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Interestingly the exit polls for the democratic primary had a separate question on stop and frisk, and DeBlasio's victory came entirely from the 60% of voters who opposed it. Full results here. Note that unsurprisingly DeBlasio does just fine in all income brackets. He exactly split the Black vote with Thompson which accounted almost exactly for his victory margin. Sharpton surprised people by refusing to endorse Thompson. Also here'sthe history of the race, which broke against Quinn very late and went to DeBlasio over Thompson even later.


Posted by: Unfoggetarian: "Pause endlessly, then go in" (9) | Link to this comment | 01- 9-15 7:55 AM
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Wrong second link.


Posted by: Unfoggetarian: "Pause endlessly, then go in" (9) | Link to this comment | 01- 9-15 7:58 AM
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I agree completely with Teo in 70. My fear is that the NYPD actions will be a model for other departments, but in all events you can't have a police department (or any city) function with a police union this out of control and this willing to go to the mat over slights that are pretty much external to the Department and are pure culture war isurs (but the mayor's wife used an-ex-aide of Al Sharpton isn't a good argument).

I assume Bratton (if whom I'm a long-time fan) sees his job as permanently undoing the culture that makes things like this possible, but sees the timing as wrong for an open blow-up confrontation. I hope so anyway. He did a lot to more or less permanently change the LAPD's propensity to be culture warriors (from the Darryl Gates era) but in different circumstances and a lot of the work had been done before he started. But there's no defense of the NYPD's current actions -- if you want to be treated like public servants, act like it.


Posted by: Tim "Ripper" Owens | Link to this comment | 01- 9-15 8:54 AM
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70 is entirely correct. I'd spin this observation in a slightly different way than teo does, though:

Obviously de Blasio was never going to be the NYPD's best friend given his political allies and general policy priorities. The weird thing about all this, though, is that that shouldn't matter:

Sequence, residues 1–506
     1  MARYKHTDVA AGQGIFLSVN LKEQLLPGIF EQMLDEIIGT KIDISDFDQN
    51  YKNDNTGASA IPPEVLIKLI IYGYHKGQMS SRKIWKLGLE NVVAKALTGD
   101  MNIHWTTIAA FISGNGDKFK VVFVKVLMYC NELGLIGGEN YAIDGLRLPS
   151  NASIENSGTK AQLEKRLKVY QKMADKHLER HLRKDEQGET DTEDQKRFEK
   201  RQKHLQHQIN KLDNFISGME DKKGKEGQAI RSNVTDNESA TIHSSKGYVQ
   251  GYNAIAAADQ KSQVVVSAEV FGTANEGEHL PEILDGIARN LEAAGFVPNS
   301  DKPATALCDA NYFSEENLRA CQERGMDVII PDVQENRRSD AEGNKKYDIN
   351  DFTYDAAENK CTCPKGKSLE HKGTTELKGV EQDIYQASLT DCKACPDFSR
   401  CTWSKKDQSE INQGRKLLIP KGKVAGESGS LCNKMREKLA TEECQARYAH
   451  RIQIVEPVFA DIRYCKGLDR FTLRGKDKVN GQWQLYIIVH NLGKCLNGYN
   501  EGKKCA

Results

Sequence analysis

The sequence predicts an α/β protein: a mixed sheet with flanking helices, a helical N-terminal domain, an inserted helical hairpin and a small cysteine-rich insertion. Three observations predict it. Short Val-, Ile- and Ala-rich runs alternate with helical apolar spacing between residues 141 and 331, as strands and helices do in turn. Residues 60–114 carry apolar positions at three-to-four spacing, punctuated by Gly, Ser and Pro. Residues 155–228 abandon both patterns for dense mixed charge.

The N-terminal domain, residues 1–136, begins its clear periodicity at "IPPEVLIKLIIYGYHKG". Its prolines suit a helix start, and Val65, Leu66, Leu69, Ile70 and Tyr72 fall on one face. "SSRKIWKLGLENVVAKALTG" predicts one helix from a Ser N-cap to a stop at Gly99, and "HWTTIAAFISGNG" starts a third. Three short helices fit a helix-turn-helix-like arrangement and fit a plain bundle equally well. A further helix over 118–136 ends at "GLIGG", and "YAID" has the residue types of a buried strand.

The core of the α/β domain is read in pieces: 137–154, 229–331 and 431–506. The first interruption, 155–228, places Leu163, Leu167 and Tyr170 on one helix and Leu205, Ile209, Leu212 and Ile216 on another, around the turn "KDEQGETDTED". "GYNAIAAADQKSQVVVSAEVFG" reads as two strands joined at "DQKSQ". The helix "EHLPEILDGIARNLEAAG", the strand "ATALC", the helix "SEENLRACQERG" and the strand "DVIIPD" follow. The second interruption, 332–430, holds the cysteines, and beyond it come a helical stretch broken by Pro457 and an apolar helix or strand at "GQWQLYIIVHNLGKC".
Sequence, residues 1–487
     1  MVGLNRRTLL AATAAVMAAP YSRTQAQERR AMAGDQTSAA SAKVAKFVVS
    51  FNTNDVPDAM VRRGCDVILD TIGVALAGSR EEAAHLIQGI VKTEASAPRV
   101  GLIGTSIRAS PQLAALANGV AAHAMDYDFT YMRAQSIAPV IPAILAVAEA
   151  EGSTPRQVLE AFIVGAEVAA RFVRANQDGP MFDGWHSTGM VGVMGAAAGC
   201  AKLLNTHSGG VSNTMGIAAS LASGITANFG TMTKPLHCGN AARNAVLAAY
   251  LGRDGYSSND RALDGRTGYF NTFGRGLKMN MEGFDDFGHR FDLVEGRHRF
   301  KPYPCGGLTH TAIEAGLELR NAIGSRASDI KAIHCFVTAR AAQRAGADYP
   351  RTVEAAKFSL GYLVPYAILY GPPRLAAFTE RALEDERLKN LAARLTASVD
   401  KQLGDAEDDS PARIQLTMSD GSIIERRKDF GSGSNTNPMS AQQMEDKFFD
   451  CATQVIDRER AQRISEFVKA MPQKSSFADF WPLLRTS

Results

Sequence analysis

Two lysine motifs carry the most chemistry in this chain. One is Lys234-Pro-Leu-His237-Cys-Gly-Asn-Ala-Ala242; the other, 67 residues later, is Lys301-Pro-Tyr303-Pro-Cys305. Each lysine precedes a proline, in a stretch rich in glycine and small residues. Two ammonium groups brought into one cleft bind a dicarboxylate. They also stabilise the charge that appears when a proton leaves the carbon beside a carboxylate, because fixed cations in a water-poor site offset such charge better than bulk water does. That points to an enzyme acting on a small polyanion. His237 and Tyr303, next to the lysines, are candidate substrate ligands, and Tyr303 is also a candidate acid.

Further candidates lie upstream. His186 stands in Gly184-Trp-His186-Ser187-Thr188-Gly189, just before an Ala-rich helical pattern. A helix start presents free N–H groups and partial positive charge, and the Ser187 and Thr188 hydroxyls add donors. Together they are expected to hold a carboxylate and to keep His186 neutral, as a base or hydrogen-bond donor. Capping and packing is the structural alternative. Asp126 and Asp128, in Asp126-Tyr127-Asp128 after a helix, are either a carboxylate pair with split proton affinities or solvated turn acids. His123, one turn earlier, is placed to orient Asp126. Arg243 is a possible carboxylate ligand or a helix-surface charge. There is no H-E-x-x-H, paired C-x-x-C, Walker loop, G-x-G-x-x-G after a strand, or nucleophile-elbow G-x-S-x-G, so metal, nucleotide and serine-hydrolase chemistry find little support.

In fact, it doesn't matter. As teo points out, the NYPD pulled this kind of tantrum on Giuliani, too. The idea that de Blasio has made missteps that led to the police reaction is ridiculous. The NYPD is out of control.

Gswift's point about the police in 53.2 - which I take to be a sort of "What's the Matter with Kansas" argument that the cops should think harder about their own best interests - completely ignores the fact that individual white NYPD officers clearly feel very strongly about maintaining the racist status quo.


Posted by: politicalfootball | Link to this comment | 01- 9-15 9:01 AM
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As others have noted, they've pulled similar histrionics at various times over various issues with every mayor since Dinkins, including Giuliani. I presume there are deep historical and political dynamics behind all this, but I don't know enough about any of it to speculate on the details.

I am speculating madly, and off the cuff, here, but I wonder if something long-term strange happened in the Dinkins-Giuliani election. That really was as close as you could come to Giuliani being elected by acclamation of the NYPD; there was the shameful police demonstration with racist signs about Dinkins and so on.